Amara, U; Kalbitz, M; Perl, M; Flierl, M A; Rittirsch, D; Weiss, M; Schneider, M; Gebhard, F; Huber-Lang, M (2010). Early expression changes of complement regulatory proteins (CRegs) and C5a receptor (CD88) on leukocytes after multiple injury in humans. Shock, 33(6):568-575.
Full text not available from this repository.
View at publisher
As a crucial element of innate immunity, the complement cascade becomes activated after severe trauma. Regulation of the complement cascade and protection against complementmediated tissue destruction is provided by a selection of soluble and membrane-bound complement regulatory proteins (CRegs). To date, the leukocyte expression profile of CRegs in multiple injured patients is unknown. In the present study, expression of CRegs and the C5a receptor (CD88) was analyzed on neutrophils, monocytes and lymphocytes by flow cytometry. Whole blood samples were obtained from healthy volunteers (n=16) or multiple injured patients (n=12) on admission in the emergency room and 4, 12, 24, 120 and 240 hrs after trauma. The content of CRegs and CD88 on leukocytes was significantly altered post trauma: CD55 (decay accelerating factor) displayed a time dependent, elevated expression pattern on neutrophils and monocytes, but not on lymphocytes. CD59 (MAC inhibitor) expression was significantly increased on neutrophils and monocytes at the time of admission and after 5-10 d in lymphocytes. CD46 (membrane co-factor protein) was significantly down-regulated in all three cell types post trauma. CD35 (complement receptor 1) expression on neutrophils was initially decreased, while monocytes presented a significant increase in CD35 expression. CD35 on lymphocyte remained unchanged throughout the observation period. CD88 expression was considerably reduced on leukocytes between 0-240 hrs after injury. CD59, CD46 and CD88 expression values on neutrophils reversely correlated with severity of injury. In summary, expression profiles of CRegs and CD88 on leukocytes are specifically altered after polytrauma in humans, indicating a trauma-induced "complementopathy".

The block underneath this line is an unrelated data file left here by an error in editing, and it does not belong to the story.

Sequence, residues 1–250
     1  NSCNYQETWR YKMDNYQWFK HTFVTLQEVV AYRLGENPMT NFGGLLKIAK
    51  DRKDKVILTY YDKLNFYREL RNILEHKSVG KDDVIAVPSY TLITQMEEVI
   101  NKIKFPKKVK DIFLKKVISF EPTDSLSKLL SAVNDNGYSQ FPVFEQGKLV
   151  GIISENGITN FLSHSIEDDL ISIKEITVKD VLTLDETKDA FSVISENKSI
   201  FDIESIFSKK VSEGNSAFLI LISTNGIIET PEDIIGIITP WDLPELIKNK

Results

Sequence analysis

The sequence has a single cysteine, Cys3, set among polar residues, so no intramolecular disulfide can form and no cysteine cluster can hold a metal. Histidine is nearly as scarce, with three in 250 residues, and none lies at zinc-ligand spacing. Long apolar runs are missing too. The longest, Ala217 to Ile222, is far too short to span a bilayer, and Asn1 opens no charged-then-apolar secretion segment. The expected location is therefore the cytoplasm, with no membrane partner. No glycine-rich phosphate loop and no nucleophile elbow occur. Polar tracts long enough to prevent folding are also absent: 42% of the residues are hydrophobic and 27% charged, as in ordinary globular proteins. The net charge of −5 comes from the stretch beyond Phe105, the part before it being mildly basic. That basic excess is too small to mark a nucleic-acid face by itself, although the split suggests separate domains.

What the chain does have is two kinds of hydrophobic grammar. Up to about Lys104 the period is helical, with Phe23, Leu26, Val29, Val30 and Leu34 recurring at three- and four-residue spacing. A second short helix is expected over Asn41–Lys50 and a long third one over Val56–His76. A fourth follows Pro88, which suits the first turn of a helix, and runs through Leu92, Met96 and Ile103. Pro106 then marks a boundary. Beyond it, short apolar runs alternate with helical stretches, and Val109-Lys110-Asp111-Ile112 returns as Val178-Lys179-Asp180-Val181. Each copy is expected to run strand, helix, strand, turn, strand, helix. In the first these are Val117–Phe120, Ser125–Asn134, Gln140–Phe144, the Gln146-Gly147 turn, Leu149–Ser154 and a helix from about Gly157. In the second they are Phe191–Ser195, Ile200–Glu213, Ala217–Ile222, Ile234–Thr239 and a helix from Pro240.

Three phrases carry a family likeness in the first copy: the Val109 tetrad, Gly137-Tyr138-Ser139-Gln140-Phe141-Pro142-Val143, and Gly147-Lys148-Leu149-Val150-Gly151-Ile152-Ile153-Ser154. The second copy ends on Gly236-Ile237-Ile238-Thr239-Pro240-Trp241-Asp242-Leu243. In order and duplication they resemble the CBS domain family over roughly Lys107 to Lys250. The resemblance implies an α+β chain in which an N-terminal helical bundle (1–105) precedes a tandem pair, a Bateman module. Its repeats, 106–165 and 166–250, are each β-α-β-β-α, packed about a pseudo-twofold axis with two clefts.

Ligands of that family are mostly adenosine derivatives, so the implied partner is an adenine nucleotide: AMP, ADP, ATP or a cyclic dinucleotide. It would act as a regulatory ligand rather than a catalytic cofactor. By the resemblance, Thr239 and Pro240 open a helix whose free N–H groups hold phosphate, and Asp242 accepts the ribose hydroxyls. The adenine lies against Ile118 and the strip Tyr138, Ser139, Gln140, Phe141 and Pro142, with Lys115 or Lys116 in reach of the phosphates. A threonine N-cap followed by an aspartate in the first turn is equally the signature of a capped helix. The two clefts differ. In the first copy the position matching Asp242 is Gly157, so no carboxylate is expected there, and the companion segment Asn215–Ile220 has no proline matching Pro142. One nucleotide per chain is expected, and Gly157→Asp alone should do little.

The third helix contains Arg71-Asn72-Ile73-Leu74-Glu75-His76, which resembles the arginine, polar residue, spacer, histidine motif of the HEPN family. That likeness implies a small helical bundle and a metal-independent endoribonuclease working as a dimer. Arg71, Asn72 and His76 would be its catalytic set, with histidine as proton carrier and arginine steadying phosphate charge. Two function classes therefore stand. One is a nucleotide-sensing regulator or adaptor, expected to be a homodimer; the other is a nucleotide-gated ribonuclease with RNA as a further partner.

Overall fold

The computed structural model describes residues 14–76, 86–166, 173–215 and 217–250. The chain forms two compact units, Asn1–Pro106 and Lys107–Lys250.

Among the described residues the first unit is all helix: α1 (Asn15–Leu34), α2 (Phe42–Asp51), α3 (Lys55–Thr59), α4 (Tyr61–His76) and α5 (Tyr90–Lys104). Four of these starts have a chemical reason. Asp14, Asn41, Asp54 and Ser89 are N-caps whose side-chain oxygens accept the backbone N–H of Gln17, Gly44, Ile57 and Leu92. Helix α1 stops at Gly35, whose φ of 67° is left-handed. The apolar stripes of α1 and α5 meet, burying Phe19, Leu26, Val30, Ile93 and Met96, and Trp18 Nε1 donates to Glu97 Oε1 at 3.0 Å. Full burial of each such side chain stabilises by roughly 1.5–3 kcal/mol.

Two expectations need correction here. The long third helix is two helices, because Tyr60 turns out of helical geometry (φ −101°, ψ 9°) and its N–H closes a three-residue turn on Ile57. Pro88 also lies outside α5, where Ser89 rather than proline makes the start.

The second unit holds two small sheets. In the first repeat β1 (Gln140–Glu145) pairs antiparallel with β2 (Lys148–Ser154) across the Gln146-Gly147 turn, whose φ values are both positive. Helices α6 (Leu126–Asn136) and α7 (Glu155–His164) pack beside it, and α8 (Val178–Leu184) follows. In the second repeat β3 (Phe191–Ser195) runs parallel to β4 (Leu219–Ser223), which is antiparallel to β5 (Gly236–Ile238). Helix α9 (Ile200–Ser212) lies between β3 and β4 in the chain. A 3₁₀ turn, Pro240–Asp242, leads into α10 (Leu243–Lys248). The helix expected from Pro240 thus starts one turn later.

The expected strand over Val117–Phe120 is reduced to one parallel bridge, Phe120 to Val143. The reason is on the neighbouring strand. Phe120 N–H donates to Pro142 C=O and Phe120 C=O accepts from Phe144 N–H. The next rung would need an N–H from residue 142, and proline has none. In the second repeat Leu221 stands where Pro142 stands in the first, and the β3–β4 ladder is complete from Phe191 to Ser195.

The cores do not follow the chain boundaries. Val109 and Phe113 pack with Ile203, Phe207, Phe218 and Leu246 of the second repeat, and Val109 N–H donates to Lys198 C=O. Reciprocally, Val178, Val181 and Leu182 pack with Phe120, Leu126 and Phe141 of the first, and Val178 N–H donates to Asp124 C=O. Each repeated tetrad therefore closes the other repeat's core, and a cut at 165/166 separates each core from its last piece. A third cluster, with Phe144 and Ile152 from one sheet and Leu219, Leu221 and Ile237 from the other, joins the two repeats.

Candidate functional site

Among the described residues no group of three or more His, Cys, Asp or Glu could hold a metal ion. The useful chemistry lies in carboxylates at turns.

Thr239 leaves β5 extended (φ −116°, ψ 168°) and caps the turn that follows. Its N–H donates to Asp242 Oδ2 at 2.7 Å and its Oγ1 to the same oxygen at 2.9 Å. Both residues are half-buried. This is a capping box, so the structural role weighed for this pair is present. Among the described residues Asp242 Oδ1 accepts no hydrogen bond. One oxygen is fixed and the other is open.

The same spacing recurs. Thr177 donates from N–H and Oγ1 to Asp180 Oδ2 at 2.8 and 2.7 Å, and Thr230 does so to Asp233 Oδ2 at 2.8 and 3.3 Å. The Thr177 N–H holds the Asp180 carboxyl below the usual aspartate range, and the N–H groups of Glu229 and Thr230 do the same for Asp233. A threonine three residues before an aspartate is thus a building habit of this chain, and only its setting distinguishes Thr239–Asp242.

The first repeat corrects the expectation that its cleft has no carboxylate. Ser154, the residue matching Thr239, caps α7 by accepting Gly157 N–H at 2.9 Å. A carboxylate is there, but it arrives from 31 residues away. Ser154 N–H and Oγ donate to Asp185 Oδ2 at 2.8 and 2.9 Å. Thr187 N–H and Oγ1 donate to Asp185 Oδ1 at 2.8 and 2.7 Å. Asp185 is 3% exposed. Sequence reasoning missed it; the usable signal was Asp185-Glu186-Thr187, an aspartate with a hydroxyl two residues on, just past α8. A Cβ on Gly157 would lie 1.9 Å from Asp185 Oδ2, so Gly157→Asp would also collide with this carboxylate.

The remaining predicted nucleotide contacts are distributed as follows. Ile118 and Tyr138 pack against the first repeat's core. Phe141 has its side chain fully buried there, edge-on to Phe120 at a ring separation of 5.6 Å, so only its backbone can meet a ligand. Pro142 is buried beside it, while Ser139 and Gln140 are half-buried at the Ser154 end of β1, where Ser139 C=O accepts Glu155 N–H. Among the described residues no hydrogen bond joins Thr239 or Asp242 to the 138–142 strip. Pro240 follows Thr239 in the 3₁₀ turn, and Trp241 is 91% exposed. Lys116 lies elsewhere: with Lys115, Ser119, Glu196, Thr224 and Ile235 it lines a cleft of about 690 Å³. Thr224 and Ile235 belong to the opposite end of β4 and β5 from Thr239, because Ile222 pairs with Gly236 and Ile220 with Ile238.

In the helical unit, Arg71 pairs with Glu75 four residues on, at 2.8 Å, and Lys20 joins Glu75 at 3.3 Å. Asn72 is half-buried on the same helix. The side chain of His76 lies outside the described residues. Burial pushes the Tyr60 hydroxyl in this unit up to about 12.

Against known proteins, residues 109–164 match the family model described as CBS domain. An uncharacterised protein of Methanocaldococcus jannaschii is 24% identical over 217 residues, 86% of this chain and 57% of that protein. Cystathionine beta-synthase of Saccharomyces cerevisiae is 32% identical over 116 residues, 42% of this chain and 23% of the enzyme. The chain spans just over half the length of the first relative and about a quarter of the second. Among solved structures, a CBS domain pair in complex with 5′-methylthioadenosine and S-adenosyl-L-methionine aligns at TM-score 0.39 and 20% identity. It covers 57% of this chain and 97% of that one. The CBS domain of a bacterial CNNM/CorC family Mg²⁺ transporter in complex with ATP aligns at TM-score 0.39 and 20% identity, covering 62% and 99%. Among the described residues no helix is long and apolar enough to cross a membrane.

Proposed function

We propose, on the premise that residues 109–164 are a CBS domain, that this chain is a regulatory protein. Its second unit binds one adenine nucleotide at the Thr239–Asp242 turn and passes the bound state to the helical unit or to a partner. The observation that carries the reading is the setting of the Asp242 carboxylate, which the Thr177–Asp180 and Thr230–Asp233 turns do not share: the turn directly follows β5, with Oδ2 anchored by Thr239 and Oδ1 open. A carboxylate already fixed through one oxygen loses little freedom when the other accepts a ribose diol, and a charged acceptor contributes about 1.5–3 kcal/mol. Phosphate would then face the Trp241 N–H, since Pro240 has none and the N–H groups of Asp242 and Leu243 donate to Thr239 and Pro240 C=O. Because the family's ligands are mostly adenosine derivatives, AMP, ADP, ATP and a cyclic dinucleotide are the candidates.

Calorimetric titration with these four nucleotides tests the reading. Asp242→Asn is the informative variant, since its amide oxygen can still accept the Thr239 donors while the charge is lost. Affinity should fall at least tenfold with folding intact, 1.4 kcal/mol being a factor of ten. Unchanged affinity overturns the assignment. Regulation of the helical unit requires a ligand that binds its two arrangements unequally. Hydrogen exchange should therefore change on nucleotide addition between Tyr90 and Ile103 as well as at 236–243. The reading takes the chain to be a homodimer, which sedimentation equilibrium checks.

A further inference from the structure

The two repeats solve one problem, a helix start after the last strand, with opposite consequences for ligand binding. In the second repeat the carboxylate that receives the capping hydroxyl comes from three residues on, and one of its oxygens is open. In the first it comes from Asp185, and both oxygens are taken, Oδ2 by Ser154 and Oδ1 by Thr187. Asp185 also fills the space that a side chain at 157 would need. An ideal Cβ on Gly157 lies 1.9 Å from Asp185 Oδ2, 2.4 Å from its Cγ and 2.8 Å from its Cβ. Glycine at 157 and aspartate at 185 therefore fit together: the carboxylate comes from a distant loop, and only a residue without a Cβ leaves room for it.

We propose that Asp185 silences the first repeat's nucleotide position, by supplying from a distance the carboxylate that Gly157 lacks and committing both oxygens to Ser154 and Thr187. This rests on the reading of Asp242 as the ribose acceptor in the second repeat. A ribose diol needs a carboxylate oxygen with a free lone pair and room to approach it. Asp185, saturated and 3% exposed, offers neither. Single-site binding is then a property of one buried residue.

0 downloads since deposited on 10 Feb 2010
0 downloads since 12 months
|Contributors:||Department of Traumatology, Hand-, Plastic- and Reconstructive Surgery and Department of Anaesthesiology, University Hospital Ulm, 89075 Ulm, Germany, Department of Orthopaedic Surgery, Denver Health Medical Center, University of Colorado School of Medicine, Denver, CO 80204, USA|
|Item Type:||Journal Article, refereed, original work|
|Communities & Collections:||04 Faculty of Medicine > University Hospital Zurich > Clinic for Trauma Surgery
04 Faculty of Medicine > University Hospital Zurich > Division of Surgical Research
|DDC:||610 Medicine & health|
|Deposited On:||10 Feb 2010 08:34|
|Last Modified:||28 Nov 2013 01:16|
|Publisher:||Lippincott Wiliams & Wilkins|
Users (please log in): suggest update or correction for this item
Repository Staff Only: item control page